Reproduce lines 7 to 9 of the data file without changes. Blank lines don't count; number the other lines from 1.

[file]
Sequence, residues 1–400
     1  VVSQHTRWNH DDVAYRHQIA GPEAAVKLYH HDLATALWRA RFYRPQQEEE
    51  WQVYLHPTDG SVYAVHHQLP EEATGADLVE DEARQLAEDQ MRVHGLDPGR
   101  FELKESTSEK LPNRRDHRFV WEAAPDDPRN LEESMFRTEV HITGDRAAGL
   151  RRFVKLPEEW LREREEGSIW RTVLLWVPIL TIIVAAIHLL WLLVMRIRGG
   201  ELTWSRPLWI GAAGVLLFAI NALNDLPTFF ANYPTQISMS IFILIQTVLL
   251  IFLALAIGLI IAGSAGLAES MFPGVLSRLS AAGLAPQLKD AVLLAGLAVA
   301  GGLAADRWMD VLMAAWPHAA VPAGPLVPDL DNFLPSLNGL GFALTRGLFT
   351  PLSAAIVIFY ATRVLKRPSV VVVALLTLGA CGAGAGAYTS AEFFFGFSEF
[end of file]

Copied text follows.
   251  IFLALAIGLI IAGSAGLAES MFPGVLSRLS AAGLAPQLKD AVLLAGLAVA
   301  GGLAADRWMD VLMAAWPHAA VPAGPLVPDL DNFLPSLNGL GFALTRGLFT
   351  PLSAAIVIFY ATRVLKRPSV VVVALLTLGA CGAGAGAYTS AEFFFGFSEF